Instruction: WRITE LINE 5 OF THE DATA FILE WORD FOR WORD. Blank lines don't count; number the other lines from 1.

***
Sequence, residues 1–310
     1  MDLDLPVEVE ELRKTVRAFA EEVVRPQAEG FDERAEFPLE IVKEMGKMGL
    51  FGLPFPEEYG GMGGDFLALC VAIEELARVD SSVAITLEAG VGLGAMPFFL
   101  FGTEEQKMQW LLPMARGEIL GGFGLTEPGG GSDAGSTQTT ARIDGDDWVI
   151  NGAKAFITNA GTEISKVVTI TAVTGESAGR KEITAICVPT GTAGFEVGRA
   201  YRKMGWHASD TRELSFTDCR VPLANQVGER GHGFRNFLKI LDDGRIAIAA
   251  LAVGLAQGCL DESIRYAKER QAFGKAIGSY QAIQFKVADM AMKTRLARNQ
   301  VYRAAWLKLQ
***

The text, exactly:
   151  NGAKAFITNA GTEISKVVTI TAVTGESAGR KEITAICVPT GTAGFEVGRA